One of the key skills for children starting school is being able to listen and follow instructions. After all, school involves a lot of listening!
If your child has attended nursery or a pre-school setting, they will have had opportunities to develop these skills already, but all children will benefit from time spent practising listening skills and developing good attention and concentration with support from their parent or carer. Before starting school, children also need to get used to transitions between different activities. If you find your child’s often so absorbed in an activity that they get very upset when it’s time to tidy up, make sure you start giving them a five minute warning before the time they will need to stop.
Here are some suggestions for helping your child become a good listener:
- Play lots of games which involve listening to different words and sounds, and recalling information. For example ‘I Spy’, ‘I went to the shops and I bought…’ and ‘Simon Says’
- Read stories and rhymes together in a quiet environment where they can concentrate on what you’re saying. Stop at different points in the story and ask them to say what they think is going to happen next. At the end, see if they can recall what happened
- Although many reading and story apps are available, children learn best when reading with a ‘real’ person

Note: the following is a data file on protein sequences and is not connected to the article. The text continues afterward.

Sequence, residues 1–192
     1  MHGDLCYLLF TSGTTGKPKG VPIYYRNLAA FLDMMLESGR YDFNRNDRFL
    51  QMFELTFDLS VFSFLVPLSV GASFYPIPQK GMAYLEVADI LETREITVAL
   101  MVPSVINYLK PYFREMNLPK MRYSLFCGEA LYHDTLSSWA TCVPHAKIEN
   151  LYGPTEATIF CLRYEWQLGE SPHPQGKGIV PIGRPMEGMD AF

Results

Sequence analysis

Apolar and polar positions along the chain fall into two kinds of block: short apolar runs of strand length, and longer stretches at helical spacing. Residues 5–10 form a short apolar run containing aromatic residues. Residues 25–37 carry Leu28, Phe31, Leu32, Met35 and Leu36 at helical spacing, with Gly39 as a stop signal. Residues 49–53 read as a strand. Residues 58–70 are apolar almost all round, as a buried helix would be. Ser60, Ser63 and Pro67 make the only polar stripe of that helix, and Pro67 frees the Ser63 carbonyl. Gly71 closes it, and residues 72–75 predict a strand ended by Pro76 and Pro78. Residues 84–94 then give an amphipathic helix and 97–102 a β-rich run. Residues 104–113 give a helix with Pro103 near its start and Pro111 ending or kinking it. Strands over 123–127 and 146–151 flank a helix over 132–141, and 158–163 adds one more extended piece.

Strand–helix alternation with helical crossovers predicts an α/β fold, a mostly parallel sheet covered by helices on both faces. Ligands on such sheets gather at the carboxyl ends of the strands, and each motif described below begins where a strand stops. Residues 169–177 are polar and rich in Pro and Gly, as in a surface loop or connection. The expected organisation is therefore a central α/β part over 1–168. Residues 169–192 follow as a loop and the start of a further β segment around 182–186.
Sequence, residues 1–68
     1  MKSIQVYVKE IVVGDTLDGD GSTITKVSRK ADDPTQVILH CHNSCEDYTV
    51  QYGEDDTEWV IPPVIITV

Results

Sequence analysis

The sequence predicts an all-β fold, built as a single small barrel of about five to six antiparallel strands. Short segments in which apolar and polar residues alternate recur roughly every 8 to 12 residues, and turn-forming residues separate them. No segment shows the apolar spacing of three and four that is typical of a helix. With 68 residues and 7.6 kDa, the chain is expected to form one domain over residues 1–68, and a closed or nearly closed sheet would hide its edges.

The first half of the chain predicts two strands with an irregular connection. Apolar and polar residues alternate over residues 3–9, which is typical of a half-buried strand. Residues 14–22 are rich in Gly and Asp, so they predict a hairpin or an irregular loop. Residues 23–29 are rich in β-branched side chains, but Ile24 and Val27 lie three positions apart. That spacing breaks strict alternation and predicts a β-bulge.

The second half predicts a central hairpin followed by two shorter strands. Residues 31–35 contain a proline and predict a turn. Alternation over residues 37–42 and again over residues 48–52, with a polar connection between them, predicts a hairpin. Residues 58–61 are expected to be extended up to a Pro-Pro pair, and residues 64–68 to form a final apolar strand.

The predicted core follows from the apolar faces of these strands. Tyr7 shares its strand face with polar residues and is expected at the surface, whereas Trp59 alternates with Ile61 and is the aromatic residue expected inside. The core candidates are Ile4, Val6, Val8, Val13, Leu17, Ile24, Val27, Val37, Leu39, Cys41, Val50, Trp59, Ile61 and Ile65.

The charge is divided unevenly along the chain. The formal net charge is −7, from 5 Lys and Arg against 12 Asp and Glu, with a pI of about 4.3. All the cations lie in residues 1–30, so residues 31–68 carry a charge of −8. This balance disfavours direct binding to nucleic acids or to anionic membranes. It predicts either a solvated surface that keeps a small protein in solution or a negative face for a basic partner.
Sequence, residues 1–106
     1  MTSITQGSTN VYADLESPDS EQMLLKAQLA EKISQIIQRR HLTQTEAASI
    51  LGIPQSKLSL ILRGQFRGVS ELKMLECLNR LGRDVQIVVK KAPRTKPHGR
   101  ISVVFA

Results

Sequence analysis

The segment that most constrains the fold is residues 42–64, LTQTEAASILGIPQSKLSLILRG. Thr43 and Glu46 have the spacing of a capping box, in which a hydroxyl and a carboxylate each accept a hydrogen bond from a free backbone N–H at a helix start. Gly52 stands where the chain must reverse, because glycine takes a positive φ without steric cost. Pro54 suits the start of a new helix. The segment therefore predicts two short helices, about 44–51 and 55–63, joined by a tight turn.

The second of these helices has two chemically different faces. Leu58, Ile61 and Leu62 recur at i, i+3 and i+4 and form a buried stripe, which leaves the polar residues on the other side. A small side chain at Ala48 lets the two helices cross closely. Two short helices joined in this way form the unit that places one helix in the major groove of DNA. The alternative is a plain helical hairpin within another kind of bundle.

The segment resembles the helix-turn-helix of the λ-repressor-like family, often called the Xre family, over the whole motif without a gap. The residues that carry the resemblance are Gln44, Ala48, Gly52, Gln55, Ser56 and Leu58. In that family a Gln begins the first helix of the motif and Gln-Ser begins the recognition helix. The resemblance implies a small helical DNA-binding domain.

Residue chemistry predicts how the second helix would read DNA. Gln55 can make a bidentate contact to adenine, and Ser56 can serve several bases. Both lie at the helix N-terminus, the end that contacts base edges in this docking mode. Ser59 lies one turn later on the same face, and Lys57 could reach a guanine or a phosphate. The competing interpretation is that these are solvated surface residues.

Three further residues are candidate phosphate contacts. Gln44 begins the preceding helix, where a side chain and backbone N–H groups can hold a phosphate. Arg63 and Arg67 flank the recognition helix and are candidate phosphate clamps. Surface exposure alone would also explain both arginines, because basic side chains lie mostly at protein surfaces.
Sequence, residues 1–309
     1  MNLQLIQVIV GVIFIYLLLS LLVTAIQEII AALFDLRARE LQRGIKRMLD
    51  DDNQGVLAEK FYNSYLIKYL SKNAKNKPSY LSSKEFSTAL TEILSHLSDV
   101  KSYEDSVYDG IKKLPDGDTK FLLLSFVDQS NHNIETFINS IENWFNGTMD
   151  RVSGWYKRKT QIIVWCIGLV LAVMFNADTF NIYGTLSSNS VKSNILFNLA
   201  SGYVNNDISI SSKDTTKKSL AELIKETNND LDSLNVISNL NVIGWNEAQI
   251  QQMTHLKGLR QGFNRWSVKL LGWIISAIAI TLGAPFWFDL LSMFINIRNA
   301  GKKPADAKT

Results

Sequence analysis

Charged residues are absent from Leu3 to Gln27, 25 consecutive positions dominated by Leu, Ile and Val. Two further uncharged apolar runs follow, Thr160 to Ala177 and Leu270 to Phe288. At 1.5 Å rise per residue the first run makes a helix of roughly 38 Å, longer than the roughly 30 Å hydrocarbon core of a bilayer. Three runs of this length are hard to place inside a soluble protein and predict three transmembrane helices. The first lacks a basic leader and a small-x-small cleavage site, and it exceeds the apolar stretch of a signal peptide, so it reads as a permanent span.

- Be a good listener yourself – get down to their level to talk to them about a game they’re playing, and make sure that when they’re talking to you, you make eye contact with them so they know they have your attention
- Use dinner times as an opportunity to talk as a family about the highs and lows of your day, to celebrate achievements and make plans. Ask your child to tell you what they have enjoyed
- If children are playing and talking, a bright, noisy TV is very distracting. Avoid having it on just in the background
- Go on a ‘sound walk’ together – how many different sounds can they hear in the environment?
If you have any concerns about your child’s hearing, talk to your public health nurse (health visitor) or GP in the first instance.
- Bookstart – your child should receive a free ‘Bookstart Treasure’ reading pack from nursery when they are aged 3-4. If you haven’t received yours, ask your Health Visitor.
- The Words for life website has lots of fun ideas and resources to help you and your child enjoy books and talk together. Also look at the Literacy Trust.
- The Family Dinner Project encourages families to sit down and talk together to build communication skills. Their website has ideas and resources.
- Cbeebies Grown-ups: Ready for School